Apple Computer on Tuesday unveiled upgraded MacBook Pro laptops that now feature Intel's new Core 2 Duo processors and hard drives offering up to 200GB of space. Apple officials said the new MacBook Pros are up to 39 percent faster than the models they replace, largely because of underlying changes to the architecture of the new processor.
Prices for the two models offered by Apple -- a 15-in. MacBook Pro that comes with a 2.16-GHz Core 2 Duo processor and a 17-in. version with a 2.33-GHz processor -- start at AUD$3,199. The 15-in. model can also be upgraded to the 2.33-Ghz Core 2 Duo processor. That model sells for AUD$3,999, with the 17-in. version selling for AUD$4,399.
According to Apple Product Manager Todd Benjamin, the 15-in. models ship Tuesday, and the 17-in. models will ship next week. Apple's MacBook Pro line was last updated with the introduction of the first Intel-based 17-in. model in April.
Pointing to last week's quarterly earnings report by Apple, Benjamin noted that the company sold 1.6 million computers in its latest quarter, 1 million of which were laptops. "Portables are doing really well, so we're thrilled to follow that up with a new lineup of MacBook Pros," he said in an interview.
"We have Core 2 Duo [processors] across the lineup, with the 2.33-GHz being the fastest Core 2 Duo out there," he said, noting that the new Intel chips offer twice the amount of Level 2 (L2) cache memory as the Core Duo processors used in the just-discontinued MacBook Pro models. The new chips have 4MB of L2 cache; the Core Duo chips had 2MB of L2 cache.
"When we look at [benchmark] testing, you see it's up to 39 percent faster than the fastest processors in the old model," Benjamin said. "We're moving from 2.16 GHz to 2.33 Ghz, but clearly, 39 percent is more than just the [higher] clock speed."
He also said the new laptops are seven times faster than the Power PC-based PowerBook G4s offered by Apple a year ago.
"Where the rubber really hits the road is in professional applications," Benjamin said. "With Final Cut Pro, in rendering and encoding testing, this application is running up to 39 percent faster, and with Aperture -- for images [both] raw and JPEG -- it's 25 percent faster in our benchmark testing."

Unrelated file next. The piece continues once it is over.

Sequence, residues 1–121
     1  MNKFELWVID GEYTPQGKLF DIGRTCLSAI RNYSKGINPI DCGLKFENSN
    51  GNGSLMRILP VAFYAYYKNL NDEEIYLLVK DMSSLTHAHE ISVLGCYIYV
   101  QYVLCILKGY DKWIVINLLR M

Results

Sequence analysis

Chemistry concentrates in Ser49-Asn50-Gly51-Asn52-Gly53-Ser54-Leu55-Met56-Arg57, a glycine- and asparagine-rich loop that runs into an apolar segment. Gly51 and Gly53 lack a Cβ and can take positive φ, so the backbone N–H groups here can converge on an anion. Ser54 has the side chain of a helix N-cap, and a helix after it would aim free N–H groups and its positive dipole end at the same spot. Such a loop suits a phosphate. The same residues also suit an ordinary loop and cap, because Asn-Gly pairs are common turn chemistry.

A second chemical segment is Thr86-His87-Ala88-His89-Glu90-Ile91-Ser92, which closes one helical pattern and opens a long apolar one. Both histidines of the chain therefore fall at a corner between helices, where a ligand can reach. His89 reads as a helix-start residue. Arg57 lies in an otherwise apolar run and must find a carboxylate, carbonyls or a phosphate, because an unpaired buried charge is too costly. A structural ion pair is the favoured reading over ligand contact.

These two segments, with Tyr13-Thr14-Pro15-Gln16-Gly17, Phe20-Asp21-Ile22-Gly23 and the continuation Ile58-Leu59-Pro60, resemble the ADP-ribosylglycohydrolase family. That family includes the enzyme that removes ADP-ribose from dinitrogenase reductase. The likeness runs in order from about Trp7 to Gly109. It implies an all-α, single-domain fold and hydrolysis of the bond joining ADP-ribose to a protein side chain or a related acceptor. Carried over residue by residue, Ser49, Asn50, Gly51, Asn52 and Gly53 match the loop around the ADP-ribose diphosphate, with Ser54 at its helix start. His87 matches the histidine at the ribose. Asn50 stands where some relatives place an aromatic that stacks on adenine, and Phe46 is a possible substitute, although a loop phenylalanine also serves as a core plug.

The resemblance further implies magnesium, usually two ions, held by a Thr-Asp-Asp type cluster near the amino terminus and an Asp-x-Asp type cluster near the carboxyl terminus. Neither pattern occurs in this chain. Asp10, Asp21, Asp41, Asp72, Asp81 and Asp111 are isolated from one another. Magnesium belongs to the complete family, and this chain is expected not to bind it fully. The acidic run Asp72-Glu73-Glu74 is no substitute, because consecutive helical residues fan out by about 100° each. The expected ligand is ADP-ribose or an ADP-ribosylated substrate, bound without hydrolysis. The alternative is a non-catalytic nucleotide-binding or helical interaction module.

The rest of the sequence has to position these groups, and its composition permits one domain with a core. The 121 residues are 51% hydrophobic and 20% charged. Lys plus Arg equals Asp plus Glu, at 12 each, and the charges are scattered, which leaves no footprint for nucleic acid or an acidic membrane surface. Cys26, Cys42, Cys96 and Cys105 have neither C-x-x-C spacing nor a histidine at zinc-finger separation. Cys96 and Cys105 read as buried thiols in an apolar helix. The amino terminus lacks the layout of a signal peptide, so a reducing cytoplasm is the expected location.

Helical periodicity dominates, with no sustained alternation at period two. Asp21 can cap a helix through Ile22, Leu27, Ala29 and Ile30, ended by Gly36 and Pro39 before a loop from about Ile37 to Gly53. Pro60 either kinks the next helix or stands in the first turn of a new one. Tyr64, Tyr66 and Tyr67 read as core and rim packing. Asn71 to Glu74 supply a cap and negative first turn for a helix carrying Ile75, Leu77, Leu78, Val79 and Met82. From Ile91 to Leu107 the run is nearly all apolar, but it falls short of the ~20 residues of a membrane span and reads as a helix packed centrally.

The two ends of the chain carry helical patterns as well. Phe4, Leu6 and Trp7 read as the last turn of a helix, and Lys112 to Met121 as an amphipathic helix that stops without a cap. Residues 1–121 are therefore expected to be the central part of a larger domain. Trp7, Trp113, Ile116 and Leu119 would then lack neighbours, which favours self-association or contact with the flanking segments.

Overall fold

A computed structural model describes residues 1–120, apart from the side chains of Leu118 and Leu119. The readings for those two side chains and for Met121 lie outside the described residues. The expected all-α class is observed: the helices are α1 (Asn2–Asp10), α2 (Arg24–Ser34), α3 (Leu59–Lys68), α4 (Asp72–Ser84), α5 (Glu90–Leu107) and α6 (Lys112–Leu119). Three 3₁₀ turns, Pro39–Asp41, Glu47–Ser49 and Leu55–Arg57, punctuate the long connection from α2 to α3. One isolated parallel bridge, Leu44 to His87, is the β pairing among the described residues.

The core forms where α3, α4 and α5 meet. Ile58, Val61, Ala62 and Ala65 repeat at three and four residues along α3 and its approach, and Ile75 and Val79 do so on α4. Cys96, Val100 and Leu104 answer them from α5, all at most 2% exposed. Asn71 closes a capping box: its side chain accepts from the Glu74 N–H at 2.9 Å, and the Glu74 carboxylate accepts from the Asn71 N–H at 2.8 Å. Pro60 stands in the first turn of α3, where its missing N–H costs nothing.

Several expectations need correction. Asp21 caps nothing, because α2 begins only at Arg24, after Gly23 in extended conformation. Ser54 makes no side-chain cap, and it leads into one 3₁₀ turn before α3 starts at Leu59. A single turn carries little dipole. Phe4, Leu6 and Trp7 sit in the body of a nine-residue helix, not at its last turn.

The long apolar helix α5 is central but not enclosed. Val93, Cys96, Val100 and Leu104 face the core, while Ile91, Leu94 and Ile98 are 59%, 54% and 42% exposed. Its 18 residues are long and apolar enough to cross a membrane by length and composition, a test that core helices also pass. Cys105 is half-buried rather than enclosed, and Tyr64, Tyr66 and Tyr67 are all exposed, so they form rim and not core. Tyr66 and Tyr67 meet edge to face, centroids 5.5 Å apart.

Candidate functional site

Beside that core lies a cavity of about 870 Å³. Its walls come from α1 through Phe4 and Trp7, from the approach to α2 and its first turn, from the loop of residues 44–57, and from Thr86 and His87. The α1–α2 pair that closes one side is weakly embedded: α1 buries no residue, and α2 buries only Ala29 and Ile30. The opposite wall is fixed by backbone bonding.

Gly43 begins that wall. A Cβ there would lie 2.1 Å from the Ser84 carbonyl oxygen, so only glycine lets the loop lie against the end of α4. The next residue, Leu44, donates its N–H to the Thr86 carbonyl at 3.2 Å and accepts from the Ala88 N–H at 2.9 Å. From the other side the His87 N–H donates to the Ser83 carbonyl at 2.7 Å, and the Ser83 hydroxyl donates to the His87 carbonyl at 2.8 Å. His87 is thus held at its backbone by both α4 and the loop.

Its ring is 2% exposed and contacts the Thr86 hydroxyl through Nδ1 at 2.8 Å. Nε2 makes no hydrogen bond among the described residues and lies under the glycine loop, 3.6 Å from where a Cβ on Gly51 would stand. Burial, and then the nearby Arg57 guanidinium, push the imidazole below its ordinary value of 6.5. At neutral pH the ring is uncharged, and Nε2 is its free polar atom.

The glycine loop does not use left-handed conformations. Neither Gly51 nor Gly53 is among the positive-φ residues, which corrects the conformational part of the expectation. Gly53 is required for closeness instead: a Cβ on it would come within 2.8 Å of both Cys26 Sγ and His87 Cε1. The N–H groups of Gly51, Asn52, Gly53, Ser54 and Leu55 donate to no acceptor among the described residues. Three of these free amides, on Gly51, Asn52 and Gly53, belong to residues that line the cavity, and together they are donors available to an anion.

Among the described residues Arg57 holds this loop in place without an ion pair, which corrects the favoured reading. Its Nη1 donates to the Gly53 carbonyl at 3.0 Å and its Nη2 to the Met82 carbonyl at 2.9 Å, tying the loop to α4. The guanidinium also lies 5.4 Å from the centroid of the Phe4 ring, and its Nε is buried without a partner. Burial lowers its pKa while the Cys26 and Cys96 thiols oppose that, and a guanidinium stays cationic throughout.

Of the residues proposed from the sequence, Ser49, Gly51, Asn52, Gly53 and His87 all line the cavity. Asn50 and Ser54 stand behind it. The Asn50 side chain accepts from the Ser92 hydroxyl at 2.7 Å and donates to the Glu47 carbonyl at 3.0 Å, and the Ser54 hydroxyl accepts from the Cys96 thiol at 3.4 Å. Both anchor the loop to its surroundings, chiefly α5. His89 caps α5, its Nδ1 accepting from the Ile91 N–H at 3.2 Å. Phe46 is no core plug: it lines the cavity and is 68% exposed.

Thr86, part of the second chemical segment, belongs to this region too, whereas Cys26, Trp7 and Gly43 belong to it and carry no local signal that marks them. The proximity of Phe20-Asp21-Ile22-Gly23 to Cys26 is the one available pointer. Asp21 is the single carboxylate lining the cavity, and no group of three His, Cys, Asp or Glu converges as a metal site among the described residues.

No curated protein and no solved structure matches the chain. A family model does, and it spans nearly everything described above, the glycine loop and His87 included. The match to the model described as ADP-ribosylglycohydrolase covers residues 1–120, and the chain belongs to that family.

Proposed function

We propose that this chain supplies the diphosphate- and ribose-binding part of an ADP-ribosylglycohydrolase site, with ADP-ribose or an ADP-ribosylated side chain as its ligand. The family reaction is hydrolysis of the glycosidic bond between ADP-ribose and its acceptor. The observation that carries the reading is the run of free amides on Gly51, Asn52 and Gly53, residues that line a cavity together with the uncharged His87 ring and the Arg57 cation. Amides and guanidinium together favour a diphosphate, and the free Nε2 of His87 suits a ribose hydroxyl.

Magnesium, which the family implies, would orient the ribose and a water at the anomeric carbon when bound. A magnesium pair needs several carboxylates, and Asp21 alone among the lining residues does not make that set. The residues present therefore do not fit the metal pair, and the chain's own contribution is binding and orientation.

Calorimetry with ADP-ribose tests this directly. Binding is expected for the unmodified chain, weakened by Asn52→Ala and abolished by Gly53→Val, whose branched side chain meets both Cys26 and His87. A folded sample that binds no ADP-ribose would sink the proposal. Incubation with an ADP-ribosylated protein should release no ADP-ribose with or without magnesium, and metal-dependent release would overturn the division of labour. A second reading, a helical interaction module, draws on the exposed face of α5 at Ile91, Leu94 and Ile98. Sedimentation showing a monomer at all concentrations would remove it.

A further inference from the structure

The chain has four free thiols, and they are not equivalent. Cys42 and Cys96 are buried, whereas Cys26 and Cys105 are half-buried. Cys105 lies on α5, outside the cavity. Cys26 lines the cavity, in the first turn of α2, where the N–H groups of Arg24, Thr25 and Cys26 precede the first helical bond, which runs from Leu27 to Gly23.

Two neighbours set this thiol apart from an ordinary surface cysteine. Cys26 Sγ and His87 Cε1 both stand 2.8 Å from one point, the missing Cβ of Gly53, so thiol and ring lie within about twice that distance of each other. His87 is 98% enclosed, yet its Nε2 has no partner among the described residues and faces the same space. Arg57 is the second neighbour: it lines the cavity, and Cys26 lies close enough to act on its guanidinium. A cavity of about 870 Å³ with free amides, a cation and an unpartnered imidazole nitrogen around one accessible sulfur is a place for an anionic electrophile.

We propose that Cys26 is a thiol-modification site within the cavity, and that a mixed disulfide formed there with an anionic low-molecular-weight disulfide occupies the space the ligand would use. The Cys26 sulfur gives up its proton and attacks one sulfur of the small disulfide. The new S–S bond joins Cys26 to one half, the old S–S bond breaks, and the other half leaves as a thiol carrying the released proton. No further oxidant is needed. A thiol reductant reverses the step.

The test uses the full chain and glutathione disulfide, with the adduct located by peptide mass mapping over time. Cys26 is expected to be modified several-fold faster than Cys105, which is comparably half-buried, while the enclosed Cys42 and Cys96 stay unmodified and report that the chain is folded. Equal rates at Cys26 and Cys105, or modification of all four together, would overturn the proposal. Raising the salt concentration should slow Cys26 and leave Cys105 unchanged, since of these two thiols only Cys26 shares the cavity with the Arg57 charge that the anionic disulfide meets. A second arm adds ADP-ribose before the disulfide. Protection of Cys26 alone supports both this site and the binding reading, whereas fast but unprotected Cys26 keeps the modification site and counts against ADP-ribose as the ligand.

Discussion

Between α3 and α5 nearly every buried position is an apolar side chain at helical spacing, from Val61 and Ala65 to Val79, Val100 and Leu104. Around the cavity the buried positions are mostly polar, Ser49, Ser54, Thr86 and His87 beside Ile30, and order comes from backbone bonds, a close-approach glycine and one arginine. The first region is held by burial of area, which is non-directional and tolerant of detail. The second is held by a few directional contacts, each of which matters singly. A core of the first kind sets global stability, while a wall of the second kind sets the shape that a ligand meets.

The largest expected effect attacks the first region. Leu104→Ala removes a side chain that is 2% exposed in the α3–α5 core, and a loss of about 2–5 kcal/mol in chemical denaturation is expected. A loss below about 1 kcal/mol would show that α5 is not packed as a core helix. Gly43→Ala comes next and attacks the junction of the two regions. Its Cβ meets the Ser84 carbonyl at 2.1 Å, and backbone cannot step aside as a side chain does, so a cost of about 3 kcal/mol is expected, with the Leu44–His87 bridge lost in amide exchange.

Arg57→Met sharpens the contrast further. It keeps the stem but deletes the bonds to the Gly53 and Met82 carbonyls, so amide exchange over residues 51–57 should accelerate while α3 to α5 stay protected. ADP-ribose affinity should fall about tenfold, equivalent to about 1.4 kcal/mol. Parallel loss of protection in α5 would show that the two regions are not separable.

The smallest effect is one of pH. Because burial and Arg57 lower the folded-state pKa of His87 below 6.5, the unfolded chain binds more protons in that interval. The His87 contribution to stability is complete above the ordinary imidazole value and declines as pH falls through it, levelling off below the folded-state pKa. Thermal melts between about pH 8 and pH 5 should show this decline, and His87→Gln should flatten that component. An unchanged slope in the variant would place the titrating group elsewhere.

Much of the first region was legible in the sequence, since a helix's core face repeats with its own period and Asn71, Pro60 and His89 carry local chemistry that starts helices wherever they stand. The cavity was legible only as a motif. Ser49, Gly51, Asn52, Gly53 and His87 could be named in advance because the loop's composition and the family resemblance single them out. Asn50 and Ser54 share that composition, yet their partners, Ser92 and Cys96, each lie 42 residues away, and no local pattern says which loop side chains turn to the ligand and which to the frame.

The new laptops come with double of the RAM of the previous models. The 15-in. version ships with 1GB of PC2-5300 (667-MHz) Double Data Rate 2 memory. The upgraded 15-in. and 17-in. models come with 2GB of RAM. All three support up to 3GB of RAM, but adding that memory boosts the price by US$575 when bought through Apple.
Apple has also added FireWire 800 ports to all MacBook Pro models and increased the maximum size of the hard drives available. The entry-level model ships with a 120GB hard drive that spins at 5,400 rpm. The 17-in. version ships with a 160GB hard drive that also spins at 5,400 rpm. Apple also offers a smaller but faster 100GB hard drive that spins at 7,200 rpm and a larger 200GB hard drive that spins at 4,200 rpm.
"As far as the large drive technology, that's the largest available on the market today," Benjamin said, referring to the 200GB hard drive.
All of the new MacBook Pro models now feature dual-layer SuperDrives for burning CDs and DVDs. Until now, the dual-layer drive, which can burn more than 8GB of data on a single disc, was available only on the 17-in. model.
The remaining standard features carry over from previous models: a built-in iSight Web camera, Bluetooth and 802.11b/g wireless networking, a combined optical digital audio port, a dual-link DVI port that can power one of Apple's 30-in. Cinema Displays, sudden motion-sensor technology to prevent hard drive damage if the laptop is dropped and a magnetic power connector.
Apple is also now offering a magnetic power connector for use on airplanes. That hardware sells for AUD$89.
The graphics cards in the laptops remain unchanged, as do the screen resolutions, although Benjamin said owners of the new 15-in. models would see better graphics performance compared with the older 15-in. versions.